Temporary Bans on Evictions

2020 has been a year of uncertainty and unprecedented decisions across most aspects of people’s day-to-day lives. Here at SMQ Legal we recognise that the COVID-19 global pandemic has been particularly straining on landlord-tenant relationships. Following the government guidance surrounding this topic, this article will aim to outline some key information you need regarding the end of temporary bans on evictions. Please note this information applies to England only, although some measures referred to will also apply in Wales.

Under the Coronavirus Act 2020, the UK Government announced the introduction of a number of measures to support landlords and tenants. This included the temporary ban on evictions, whereby landlords were not allowed to start proceedings to evict their tenants for at least a three-month period. However, this emergency legislation came to an end on 20 September. With this protection expired, tens of thousands of struggling private renters up and down the country will require some form of new legal protections and financial support if the government are to prevent a rise in homelessness. This has led to many campaign groups protesting for the Government to extend both the eviction ban and the furlough scheme, which is due to end on 31 October 2020, to protect those most at risk of losing their homes.

Despite the ban being lifted, landlords are not able to simply evict their tenants immediately. This is since the Government has stated all private renters served notice after 29 August 2020, expect in extremely serious circumstances, must have a six-month notice period. Consequently, this could enable tenants to live in their rented accommodation until at least March 2021 if they are served with an eviction notice in September. Thus, this provides private renters with slightly more protection and could decrease the risk of England seeing a rise in homelessness as the pandemic continues. The issue then is one of looking towards the future; a future the UK Government has promised  increased support for those facing eviction. But, will we see an inevitable rise in redundancies? What affect will this have on people’s ability to pay rent without any financial aid? And how will the Government react to protect the private renters of England from March?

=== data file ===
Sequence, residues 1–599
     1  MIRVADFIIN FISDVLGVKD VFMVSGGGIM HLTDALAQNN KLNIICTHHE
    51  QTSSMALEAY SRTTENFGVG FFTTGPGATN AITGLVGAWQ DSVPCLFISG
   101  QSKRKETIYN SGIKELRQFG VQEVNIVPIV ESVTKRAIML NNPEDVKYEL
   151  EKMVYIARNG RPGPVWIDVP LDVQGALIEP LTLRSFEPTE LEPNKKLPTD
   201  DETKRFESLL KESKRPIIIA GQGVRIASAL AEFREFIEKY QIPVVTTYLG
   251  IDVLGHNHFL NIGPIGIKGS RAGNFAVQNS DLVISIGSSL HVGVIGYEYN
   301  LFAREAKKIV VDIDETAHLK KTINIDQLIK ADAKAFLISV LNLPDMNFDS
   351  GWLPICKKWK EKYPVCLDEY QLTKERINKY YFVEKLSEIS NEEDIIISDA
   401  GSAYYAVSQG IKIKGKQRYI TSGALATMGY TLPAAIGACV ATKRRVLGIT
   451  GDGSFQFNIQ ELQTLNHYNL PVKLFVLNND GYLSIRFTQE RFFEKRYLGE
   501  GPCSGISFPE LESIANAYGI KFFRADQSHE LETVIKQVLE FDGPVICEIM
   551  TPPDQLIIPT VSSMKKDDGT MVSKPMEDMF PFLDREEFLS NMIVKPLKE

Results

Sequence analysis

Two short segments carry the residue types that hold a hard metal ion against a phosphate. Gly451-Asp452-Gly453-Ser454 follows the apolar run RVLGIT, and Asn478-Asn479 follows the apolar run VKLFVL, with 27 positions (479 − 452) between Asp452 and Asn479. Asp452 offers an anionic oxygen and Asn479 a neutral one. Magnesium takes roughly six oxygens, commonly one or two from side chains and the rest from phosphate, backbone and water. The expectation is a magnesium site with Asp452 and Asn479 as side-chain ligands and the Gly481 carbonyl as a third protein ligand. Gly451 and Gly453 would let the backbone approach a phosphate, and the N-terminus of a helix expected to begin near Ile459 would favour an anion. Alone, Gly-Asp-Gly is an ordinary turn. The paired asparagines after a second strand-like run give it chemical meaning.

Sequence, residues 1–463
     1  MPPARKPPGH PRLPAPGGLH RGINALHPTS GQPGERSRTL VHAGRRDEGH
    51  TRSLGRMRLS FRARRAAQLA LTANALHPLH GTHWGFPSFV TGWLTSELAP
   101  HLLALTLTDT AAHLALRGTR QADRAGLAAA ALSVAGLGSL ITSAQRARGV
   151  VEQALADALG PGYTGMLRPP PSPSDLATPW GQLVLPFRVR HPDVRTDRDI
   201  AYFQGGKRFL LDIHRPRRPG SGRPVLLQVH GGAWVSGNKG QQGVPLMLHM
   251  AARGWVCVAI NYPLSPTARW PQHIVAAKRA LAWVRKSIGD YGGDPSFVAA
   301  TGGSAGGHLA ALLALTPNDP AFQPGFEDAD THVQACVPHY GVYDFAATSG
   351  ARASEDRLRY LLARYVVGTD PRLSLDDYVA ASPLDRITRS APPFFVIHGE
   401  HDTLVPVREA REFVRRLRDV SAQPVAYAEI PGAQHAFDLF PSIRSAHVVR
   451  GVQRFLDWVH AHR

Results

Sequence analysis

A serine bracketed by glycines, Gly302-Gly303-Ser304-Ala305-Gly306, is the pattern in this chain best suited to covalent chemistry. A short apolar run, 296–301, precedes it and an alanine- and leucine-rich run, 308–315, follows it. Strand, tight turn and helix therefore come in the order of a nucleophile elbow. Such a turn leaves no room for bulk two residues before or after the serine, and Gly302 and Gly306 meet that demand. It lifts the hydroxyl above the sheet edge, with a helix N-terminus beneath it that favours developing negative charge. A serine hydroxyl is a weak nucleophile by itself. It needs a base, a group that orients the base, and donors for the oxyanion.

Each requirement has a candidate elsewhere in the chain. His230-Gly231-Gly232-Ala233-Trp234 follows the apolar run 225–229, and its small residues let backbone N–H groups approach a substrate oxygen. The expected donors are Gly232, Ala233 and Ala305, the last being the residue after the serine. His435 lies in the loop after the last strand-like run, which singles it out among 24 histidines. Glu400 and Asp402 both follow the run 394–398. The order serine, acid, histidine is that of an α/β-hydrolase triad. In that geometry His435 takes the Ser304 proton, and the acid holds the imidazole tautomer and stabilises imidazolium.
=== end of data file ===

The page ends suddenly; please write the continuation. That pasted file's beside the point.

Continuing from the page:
Please note, as a tenant, the eviction is currently illegal if you:

  • are not given the notice required to leave the property (if you have an assured, assured shorthold or regulated tenancy, your landlord must give you three months to leave if you were given notice between 26 March 2020 and 28 August 2020 or six months to leave if you have been given notice since 29 August 2020);
  • find the locks have been changed; and/or
  • are evicted without a court order.

Whilst the above information relates to private tenants, the position for business tenants differs. The Government introduced a temporary ban on landlords evicting businesses if they failed to pay rent during COVID-19. This was due to end by October, however has been extended until the end of the year.

Equally, the hardship this places on Landlords who seek to recover rental for their own income during covid cannot be overlooked and the difficulties they now encounter to reclaim back any property for tenants who breach their lease conditions.

For further information, and to view the UK Government’s guidance for England, please click the following links:

https://assets.publishing.service.gov.uk/government/uploads/system/uploads/attachment_data/file/913301/Technical_Guidance_on_Eviction_Notices_August_update.pdf https://assets.publishing.service.gov.uk/government/uploads/system/uploads/attachment_data/file/915131/FINAL_200901_Letter_to_LA_Chief_Execs_Notice_Periods.pdf

https://www.legislation.gov.uk/uksi/2020/914/made

by Hannah Stevens

Paralegal

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